Many readers enjoyed the Christy Clark video in Hypocrite! and found it revealing, particularly as Clark’s Government was spending millions of tax dollars to flood social, print and broadcast media with campaign promises and Liberal promotions. Here is another taste of Ms. Clark.
I have tracked electricity sales for decades and written much about the subject at In-Sights. My charts report BC Hydro’s sales to these customers: Residential Light industrial and commercial Large industrial. Those represent […]
Feeling heat from the Opposition and worried about angry voters, BC Liberals dissolved the Legislature two weeks earlier than planned. They didn’t even pass the budget, so the MSP cut is only a campaign promise.
Watch this memorable video of Opposition MLA Christy Clark standing in the Legislature, spewing a disrespectful rant about government spending 6 or 7 hundred thousand dollars on post-budget advertising. Today, her own Government is pouring more than 20x that amount of taxpayers’ dollars into partisan advertising to promote their reelection prospects.
If you are a new reader, stay awhile or come back again. You’ll find more than 2,000 commentaries published over the last eight years at this no-advertising, readers supported site. Many touch on subjects traditional media choose to ignore.
By slanting news or withholding information, media affect what a large segment of the public knows or does not know about public affairs. If groups profit improperly through actions of government, rewards can be immense but, if the looters control media, they can act in the shadows. The checks and balances within a democracy are distorted if media becomes a subsidiary of vested interests. Accurate public discourse is discouraged or impossible.
Former broadcaster George Orr created TALK!, an excellent documentary that will appeal to every person who valued radio for being unique in each community it served. TALK! explores broadcasting and how the functions of commercial operations are driven by self-interest, not by communities needs. While fishing for the story of radio, George lands by-catch. It’s a politician we all know.
A listing of BC’s 2013 election results. PDF and MS Excel formats.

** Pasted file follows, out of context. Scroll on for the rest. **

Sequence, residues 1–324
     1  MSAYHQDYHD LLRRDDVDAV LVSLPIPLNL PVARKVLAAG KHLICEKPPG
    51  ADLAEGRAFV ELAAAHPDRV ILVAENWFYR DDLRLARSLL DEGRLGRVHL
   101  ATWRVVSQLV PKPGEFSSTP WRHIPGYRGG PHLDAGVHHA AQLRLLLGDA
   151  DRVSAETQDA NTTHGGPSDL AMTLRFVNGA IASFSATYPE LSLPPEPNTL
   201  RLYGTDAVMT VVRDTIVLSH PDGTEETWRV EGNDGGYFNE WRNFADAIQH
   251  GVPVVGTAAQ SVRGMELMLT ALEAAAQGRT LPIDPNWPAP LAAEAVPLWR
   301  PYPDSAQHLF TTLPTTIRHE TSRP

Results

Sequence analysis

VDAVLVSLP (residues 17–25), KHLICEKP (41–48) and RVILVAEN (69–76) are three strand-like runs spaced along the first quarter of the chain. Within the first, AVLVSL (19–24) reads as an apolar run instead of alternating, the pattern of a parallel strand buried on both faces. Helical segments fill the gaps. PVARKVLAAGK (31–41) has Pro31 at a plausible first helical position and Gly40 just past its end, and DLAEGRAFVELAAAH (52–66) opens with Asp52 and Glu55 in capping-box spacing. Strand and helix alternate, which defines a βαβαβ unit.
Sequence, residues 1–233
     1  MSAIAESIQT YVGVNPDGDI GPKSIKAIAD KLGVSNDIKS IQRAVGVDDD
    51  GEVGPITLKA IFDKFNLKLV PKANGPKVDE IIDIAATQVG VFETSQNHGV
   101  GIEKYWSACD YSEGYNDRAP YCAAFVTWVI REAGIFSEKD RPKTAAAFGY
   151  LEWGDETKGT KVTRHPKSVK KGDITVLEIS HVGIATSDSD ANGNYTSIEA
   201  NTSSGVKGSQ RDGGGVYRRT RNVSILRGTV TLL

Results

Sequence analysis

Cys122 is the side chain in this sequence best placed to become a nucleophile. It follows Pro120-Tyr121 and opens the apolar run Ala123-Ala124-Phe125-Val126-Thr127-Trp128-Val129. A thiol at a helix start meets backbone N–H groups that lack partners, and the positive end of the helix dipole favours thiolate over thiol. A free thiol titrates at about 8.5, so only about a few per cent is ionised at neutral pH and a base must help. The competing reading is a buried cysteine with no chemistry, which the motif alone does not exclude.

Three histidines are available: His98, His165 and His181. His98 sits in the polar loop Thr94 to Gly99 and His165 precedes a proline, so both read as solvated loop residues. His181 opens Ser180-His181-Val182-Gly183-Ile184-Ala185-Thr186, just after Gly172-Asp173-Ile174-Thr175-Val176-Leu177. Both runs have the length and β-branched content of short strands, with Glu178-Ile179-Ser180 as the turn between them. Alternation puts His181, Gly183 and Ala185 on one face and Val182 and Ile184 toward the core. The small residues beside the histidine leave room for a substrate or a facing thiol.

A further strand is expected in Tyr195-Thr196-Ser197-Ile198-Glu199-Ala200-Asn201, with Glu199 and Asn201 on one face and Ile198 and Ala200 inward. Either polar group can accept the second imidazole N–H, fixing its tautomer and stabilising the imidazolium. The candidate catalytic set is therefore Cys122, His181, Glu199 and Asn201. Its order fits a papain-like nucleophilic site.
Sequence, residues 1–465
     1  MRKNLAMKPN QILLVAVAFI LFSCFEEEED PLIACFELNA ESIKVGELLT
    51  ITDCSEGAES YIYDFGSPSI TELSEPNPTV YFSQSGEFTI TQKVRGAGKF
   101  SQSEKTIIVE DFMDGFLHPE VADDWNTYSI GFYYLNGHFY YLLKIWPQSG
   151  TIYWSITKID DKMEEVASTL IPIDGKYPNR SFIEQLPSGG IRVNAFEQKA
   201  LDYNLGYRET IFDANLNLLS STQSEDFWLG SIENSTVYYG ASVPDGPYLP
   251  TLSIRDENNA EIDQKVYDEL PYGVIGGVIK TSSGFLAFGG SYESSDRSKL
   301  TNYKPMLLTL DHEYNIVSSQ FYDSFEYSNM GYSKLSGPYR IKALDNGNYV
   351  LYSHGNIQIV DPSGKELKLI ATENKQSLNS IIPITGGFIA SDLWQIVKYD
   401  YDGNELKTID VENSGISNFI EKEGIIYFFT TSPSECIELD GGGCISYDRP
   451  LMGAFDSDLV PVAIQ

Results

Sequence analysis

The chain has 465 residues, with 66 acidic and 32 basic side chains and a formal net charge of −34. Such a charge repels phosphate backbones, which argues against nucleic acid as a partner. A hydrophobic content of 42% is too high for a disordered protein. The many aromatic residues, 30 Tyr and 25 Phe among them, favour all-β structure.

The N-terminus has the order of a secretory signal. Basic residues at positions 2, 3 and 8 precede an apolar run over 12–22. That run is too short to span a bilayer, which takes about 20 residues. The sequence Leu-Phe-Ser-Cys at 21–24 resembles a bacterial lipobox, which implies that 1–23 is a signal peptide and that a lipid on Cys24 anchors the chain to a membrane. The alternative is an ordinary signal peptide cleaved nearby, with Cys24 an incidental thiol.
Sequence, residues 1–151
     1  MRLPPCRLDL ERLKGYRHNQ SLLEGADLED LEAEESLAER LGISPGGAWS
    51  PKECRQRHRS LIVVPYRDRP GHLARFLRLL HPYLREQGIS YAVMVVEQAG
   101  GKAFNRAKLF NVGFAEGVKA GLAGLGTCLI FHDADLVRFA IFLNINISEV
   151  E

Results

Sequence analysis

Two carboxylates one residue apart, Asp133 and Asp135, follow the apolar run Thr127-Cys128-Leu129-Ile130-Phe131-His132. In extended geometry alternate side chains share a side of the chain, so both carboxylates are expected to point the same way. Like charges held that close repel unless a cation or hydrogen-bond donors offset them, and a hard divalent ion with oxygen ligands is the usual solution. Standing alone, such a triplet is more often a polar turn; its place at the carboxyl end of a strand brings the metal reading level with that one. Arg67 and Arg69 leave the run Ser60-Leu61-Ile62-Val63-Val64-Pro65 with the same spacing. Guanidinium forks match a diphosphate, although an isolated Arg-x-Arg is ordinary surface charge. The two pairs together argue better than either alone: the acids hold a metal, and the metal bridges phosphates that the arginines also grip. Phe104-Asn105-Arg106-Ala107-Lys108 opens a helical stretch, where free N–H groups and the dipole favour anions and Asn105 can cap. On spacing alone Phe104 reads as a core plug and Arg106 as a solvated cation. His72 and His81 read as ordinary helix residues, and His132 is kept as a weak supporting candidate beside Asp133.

Despite the flat demand for power, BC Hydro is not only buying more private power, its capital spending program is out of control. As a result, despite a reduction in sales to BC customers since 2005, the utility’s assets in 2016 are 256% of the total eleven years ago. With Site C and other major capital projects, we can expect assets to grow by another 15-20 billion dollars in the near future. BC Hydro’s politicized management, under directions from Victoria, are hiding bad news with accounting trickery and, while they’ve increased the average price to residential and business consumers by 74% since 2005, the rates must rise significantly or the province must reverse the flow of cash from the public treasury to the accounts of BC Hydro.
With various accusations of BC Liberal corruption being discussed in 2017, it is worth repeating how the first major scandal came to a highly unsatisfactory conclusion for taxpayers and anyone interested in honest administration of justice. This item about BC Rail was first published in 2014.
Annual reports of the parties filed with Elections BC reveal that BC Liberals have consistently taken in substantially more political contributions than BC NDP. This is a seven year summary to 2015 (2016 reports are not yet posted).
Campaign survival tool: a PVR so you can skip the endless Liberal commercials we taxpayers are paying to air. Or, one of these magic instruments:
More power supply and less demand should drive down costs. Instead, California’s electricity rates have surged 12% since 2008. BC Hydro average sale price rose 63% in the same period.
Liberals have been rotating a sharp-pointed metal pin with a raised helical thread within BC Hydro and ICBC but they began with BC Rail and BC Ferries. Lately, I’ve written mostly about BC Hydro but […]
In 2014, BC’s government claimed public sector organizations would operate under principles that strengthen accountability, promote cost control, and ensure the corporations operate in the best interest of taxpayers. If you’ve read my work on BC Hydro, examined Bob Mackin’s frustrations with FOI or generally followed provincial politics, you would have known the claims were hollow from the start.
Now, three years later, the Auditor General confirms that assertion